Abrecht Bird Jewellers, hand made jewellery, quality jewellers

Now & Then – Abrecht Bird Jewellers

We recently featured in industry based magazine – Jeweller Magazine, outlining our long standing history. It was a fantastic opportunity to showcase our business as one of the longest standing jewellers in Melbourne. Read Leon Corn’s article below.

Leon Corn, Abrecht Bird Jewellers, Oldest Jewellers in Melbourne, quality jewellers,


Leon Corn is co-director of Abrecht Bird Jewellers, one of Melbourne’s most prestigious jewellery businesses with a history dating back more than 145 years.


Beginning as two separate family businesses in Melbourne, the origin of Abrecht Bird Jewellers dates back to 15 December 1875 when, as a 17-year old, Friedrich Robert Abrecht migrated from Pforzheim, Germany to Melbourne and founded jewellery manufacturing business Fred Robt Abrecht.

                       Fred Robert Abrecht, Abrecht Bird Jewellers John Bird, Abrecht Bird Jewellers

L to R: : Fred Robt Abrecht’s founder Friedrich Robert Abrecht, who immigrated to Melbourne from Pforzheim, Germany. J Bird & Sons founded by diamond setter John Bird.

Originally located in the City Chambers on the corner of Elizabeth and Little Collins Streets, the young Friedrich sold findings to local jewellery manufacturers – one of which was J Bird & Son. J Bird & Son was founded by Birmingham born diamond setter John Bird and his son Leigh in 1910, with premises on the corner of Bourke and Elizabeth Streets and then at 343 Little Collins Street. Friedrich Robert Abrecht passed away in 1913, two years after a devastating robbery at the office. His sons, Herbert Brisbane “Bris” Abrecht and Percy “Pop” Abrecht took over and switched the focus to the importation of diamonds and gemstones as well as the manufacture of fine jewellery. During the Great Depression, Fred Robt. Abrecht quietly moved into jewellery retail when it acquired the failing Dumbrells Jewellers on Bourke Street. Fred Robt. Abrecht and J Bird & Son enjoyed success throughout the first half of the 20th Century, expanding interstate and building their reputations for high-quality design and jewellery manufacture – both with customers and the jewellery industry alike. Both businesses were awarded the Lord Mayor’s Generational Family Business Commendation, which is given to businesses which have employed three or more generations of a family. In late 1991, a serendipitous meeting occurred between John Bird’s grandson David Bird and myself, Leon Corn, son-inlaw of Friedrich Abrecht’s grandson Noel Abrecht. David had come to collect a job, to find that Fred Robt Abrecht was on the verge of closure after 117 years in business.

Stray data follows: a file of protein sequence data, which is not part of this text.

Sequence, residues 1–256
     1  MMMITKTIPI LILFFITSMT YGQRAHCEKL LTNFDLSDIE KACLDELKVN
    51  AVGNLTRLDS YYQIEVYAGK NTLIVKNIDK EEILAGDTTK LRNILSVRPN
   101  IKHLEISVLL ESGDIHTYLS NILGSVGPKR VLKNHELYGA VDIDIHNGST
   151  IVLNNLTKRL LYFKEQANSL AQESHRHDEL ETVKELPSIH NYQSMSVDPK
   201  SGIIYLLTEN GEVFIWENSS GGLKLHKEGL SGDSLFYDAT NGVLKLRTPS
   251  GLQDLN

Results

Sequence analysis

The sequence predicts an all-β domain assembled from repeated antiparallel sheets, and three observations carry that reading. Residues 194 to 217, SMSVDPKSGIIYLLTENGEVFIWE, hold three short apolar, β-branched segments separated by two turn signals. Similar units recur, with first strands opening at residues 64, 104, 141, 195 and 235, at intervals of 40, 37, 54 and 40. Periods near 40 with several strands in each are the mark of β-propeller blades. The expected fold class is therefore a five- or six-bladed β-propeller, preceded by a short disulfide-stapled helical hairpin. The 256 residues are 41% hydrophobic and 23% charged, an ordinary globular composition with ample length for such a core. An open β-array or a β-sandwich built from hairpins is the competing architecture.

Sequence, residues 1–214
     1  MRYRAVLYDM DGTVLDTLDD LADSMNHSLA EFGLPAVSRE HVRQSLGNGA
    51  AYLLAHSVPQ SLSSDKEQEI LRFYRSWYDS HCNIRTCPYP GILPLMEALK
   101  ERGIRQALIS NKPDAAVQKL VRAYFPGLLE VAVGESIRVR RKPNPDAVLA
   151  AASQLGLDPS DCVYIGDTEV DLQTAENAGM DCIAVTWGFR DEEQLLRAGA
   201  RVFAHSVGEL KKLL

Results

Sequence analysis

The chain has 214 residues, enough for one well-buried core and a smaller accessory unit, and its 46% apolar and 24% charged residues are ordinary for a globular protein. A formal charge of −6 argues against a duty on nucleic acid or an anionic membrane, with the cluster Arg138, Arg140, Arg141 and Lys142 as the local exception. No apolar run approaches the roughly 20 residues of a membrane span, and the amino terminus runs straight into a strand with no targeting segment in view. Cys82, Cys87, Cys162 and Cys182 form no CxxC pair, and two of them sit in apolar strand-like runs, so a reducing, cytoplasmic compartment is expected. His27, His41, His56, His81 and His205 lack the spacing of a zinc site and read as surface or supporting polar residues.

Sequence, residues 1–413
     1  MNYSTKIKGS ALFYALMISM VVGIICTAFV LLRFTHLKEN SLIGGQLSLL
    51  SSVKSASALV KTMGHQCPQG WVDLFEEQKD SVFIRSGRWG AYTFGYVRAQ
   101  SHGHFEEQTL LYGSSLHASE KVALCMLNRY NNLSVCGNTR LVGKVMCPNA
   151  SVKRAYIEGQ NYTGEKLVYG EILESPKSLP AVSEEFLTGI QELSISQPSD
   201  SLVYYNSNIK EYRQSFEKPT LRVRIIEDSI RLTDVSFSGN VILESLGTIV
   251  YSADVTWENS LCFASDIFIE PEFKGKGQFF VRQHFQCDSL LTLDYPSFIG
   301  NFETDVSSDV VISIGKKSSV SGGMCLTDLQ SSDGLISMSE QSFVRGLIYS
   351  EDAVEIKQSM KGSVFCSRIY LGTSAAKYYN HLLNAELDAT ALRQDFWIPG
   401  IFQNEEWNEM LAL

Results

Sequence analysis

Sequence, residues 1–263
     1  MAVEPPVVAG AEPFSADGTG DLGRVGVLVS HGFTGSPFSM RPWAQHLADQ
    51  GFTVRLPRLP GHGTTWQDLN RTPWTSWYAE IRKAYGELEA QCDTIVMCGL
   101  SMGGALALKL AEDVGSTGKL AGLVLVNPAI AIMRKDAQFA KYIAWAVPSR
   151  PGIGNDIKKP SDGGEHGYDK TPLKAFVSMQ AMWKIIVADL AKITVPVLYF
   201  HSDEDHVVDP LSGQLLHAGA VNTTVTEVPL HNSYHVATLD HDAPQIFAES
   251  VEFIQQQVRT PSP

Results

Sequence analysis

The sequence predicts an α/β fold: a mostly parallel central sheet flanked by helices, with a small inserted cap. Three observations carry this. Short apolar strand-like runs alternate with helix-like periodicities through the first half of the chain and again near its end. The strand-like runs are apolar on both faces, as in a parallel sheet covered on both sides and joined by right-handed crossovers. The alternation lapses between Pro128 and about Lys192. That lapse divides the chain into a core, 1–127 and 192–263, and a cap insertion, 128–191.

Peter Bird, David Bird, Abrecht Bird Jewellers

Peter, the fourth generation of the Bird family to take over the J Bird & Son business, with his father David (featured in an article in ‘The Age’).

David introduced me to his son, Peter Bird, and the two businesses successfully merged to form Abrecht Jewellers, renamed Abrecht Bird Jewellers in 2007. After ceasing trade work, Abrecht Bird has focused on individual handmaking for private clients, employing a staff of seven – three jewellers and four in administration. More recently, a gallery has been developed to showcase the awards and artistic talents of the workshop jewellers: Greg John, who joined the business as a partner in 2000 and was previously workshop manager at Fred Robt Abrecht, Eleanor Hawke, and Yuki Mathwin. Having experienced one of the toughest years in over a century in 2020, myself, Peter, and the Abrecht Bird staff have come through without too much of a downturn, thanks in part to the government assistance and to the clever use of social media. For most of the year the office was closed, but the email list saved the day.

Abrecht Bird Jewellers, Yuki Mathwin, Kylie Beachley, Stephanie Tkalcevic, Peter Bird, Leon Corn, Greg John, Leon Corn, Eleanor Hawke

The Abrecht Bird Jewellers team today – (L-R) Greg John, Yuki Mathwin, Stephanie Tkalcevic, Eleanor Hawke, Kylie Beachley, Peter Bird and Leon Corn.

The 145-year history of the business has created a wealth of experience in producing high-quality jewellery as well as completing challenging repair work. We are acutely aware of our responsibility to uphold the traditions of our founders and their successors, and at the same time realise how important it is to keep up to date with the latest trends in fashion and marketing. Quality products, ethical business practices and loyal hard-working staff are at the heart of Abrecht Bird Jewellers. This gives customers the confidence to continue to place their loyalty and trust in such an experienced organisation – and when it comes to jewellery, trust is paramount. To quote the first words imparted to me from my father-in-law Noel: “The customer’s jewellery is one of their most precious possessions which they are leaving in your care – always remember that son.” Succession plans are always in Peter’s thoughts as he approaches his 70th birthday, and some discussions have been undertaken to explore the options. Hopefully, the Abrecht and Bird names will live on, perhaps without any family involvement, but continuing in the same tradition as the past 146 years.

This article was originally published on Jewellermagazine.com.

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